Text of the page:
Preferably, those electrodes of each electrode pair that the ions reach are all essentially at ground potential in the second field mode. This eases connection of the amplification and detection electronics.
In contrast to the conventional IMS method with time-resolved measurement, this method has the advantage of a reduced measuring time. It is not necessary to wait until the slowest type of ions has arrived at the collecting electrode. The entire spectrum can be measured simultanously at a time where the fastest ion type just reaches the detection electrode. Heavier ion types are distributed along the axis of the drift tube at this point in time. This can considerably reduce the measuring time. However, a degradation of resolution must be accepted for heavy ions. In many cases, this can be tolerated. If not, measurement can be repeated if necessary, whereby the spectrum is scanned at a later relative point in time. Lighter ions are usually not of interest, they have left the drift tube at this point in time. Resolution is improved for the heavier ions still present in the tube.
Also especially favorable is a method for operating an IMS, whereby the IMS, during a first partial measurement, is initially in the first field mode for detection of relatively light ions of interest, whereby the switchable grid is opened briefly, by which an ion package moves from the ion source to the drift tube, where it is transported toward the collecting electrode along the axis, whereby the light ions arrive at the collecting electrode one after the other temporally, according to their mobility, where they produce a current which is amplified by temporal resolution and measured. The IMS then is switched over to the second field mode for the detection of remaining relatively heavy ions of interest. In this way, the entire ion mobility spectrum of the sample substance of interest is obtained by two partial measurements.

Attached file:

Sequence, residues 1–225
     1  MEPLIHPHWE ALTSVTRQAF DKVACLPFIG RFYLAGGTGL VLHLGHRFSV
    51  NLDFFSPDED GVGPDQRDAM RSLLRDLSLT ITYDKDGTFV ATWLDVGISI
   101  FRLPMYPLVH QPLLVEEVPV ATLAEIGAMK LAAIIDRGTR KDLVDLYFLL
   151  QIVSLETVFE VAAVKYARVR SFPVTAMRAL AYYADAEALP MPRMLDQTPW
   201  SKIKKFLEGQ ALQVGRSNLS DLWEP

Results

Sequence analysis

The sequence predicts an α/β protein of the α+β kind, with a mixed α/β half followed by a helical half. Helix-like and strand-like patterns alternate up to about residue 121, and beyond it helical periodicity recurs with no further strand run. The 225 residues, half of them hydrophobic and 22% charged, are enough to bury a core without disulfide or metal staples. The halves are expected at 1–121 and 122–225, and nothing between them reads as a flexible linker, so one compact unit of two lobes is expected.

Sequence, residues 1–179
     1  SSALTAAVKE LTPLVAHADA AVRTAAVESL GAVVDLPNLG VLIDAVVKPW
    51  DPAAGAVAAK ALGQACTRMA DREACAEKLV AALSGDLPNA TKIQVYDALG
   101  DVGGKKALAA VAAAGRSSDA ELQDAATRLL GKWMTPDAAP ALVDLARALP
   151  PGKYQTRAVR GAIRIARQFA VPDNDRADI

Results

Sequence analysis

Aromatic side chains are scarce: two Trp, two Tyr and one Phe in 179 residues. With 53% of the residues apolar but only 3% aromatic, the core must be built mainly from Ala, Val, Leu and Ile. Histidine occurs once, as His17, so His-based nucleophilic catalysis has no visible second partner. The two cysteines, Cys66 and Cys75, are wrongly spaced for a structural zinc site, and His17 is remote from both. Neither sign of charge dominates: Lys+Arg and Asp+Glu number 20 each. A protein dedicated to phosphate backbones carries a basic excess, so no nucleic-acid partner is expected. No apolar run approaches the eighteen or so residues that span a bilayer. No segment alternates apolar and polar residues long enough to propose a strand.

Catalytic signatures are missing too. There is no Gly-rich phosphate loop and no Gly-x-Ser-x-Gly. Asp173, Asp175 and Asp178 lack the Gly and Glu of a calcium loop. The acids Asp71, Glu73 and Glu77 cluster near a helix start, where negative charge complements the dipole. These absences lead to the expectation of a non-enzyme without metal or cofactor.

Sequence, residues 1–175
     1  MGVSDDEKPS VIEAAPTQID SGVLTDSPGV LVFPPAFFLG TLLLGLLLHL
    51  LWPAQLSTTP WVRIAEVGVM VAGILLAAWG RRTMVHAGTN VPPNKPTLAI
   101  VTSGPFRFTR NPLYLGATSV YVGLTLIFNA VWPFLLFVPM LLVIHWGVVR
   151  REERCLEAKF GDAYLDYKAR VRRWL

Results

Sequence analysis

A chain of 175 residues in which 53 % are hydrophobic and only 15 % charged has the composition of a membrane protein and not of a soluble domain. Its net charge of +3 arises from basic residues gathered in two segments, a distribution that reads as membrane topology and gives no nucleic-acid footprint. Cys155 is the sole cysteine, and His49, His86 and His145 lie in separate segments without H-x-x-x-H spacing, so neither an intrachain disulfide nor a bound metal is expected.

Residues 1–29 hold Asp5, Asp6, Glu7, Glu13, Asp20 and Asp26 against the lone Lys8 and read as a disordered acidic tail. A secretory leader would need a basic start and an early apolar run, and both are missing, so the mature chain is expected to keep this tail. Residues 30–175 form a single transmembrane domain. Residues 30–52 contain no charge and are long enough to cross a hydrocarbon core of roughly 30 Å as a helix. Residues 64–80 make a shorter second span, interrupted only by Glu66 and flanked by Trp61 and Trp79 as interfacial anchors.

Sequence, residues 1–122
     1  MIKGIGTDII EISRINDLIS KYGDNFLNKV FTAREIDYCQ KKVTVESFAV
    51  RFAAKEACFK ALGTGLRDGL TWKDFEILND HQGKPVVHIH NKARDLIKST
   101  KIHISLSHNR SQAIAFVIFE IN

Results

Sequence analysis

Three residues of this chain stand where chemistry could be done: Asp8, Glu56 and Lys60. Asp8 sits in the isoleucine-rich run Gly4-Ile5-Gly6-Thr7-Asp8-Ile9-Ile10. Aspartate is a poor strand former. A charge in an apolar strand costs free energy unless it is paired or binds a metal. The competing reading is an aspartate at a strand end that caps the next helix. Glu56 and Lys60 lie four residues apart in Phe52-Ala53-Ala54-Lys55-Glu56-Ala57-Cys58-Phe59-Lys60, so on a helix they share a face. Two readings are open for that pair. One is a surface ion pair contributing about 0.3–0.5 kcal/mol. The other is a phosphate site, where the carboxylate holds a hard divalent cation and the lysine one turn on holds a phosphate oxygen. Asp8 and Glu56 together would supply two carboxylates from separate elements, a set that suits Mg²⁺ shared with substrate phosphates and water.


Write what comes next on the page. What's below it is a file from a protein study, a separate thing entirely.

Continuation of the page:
FIG. 1: Arrangement of the essential components of an ion mobility spectrometer according to the invention.
Specifically, FIG. 1 shows very schematically the essential components of an ion mobility spectrometer 1 according to the invention, which is inside a gas-tight housing, not shown for the benefit of a clear view. As already mentioned initially, the standard parts and their function are no longer indicated specifically for an ion mobility spectrometer.
Proceeding from an ion source 2, ions of interest from a sample gas pass a switchable grid 9 and move into a drift tube 3. Here they are transported along an axis 4. This occurs in a first field mode through an essentially axially directed electric field. This is generated in such a way that the drift tube 3, as is typical in standard ion mobility spectrometers, is surrounded by a number, e.g. 20, of identical electrode rings (5a, 5b) which are insulated from one another generally by ceramic rings. Via a resistance network, the rings (5a, 5b) are connected in the first field mode (shown) to a high voltage source (approx. 500 V-2,500 V), so that the potential from one ring to the next constantly increases. Generally, a linear potential characteristic over the axis is sought. Usually a weak gas flow is directed in the opposite direction to ion drift along the axis 4. The electrode rings are each designed as pairs of electrodes (5a, 5b). In the first field mode shown, both electrodes (5a, 5b) of a pair are at the same potential via switches 12a and 12b. These potentials can be varied integrally or individually as required.